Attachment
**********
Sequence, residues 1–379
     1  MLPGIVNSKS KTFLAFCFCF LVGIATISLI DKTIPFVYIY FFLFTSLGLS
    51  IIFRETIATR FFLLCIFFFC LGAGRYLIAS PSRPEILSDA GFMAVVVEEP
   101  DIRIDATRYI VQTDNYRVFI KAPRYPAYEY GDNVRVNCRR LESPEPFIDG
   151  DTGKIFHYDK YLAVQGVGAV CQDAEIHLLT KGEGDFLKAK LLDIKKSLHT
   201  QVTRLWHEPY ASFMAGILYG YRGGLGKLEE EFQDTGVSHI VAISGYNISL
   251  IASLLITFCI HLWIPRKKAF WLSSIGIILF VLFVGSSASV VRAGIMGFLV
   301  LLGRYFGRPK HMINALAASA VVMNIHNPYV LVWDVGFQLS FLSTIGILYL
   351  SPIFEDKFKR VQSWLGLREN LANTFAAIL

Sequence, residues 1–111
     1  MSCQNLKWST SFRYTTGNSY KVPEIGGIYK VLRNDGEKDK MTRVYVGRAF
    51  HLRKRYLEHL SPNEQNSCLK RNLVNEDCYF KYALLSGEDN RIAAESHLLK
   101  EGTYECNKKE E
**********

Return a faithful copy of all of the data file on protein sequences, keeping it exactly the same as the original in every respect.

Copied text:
Sequence, residues 1–379
     1  MLPGIVNSKS KTFLAFCFCF LVGIATISLI DKTIPFVYIY FFLFTSLGLS
    51  IIFRETIATR FFLLCIFFFC LGAGRYLIAS PSRPEILSDA GFMAVVVEEP
   101  DIRIDATRYI VQTDNYRVFI KAPRYPAYEY GDNVRVNCRR LESPEPFIDG
   151  DTGKIFHYDK YLAVQGVGAV CQDAEIHLLT KGEGDFLKAK LLDIKKSLHT
   201  QVTRLWHEPY ASFMAGILYG YRGGLGKLEE EFQDTGVSHI VAISGYNISL
   251  IASLLITFCI HLWIPRKKAF WLSSIGIILF VLFVGSSASV VRAGIMGFLV
   301  LLGRYFGRPK HMINALAASA VVMNIHNPYV LVWDVGFQLS FLSTIGILYL
   351  SPIFEDKFKR VQSWLGLREN LANTFAAIL

Sequence, residues 1–111
     1  MSCQNLKWST SFRYTTGNSY KVPEIGGIYK VLRNDGEKDK MTRVYVGRAF
    51  HLRKRYLEHL SPNEQNSCLK RNLVNEDCYF KYALLSGEDN RIAAESHLLK
   101  EGTYECNKKE E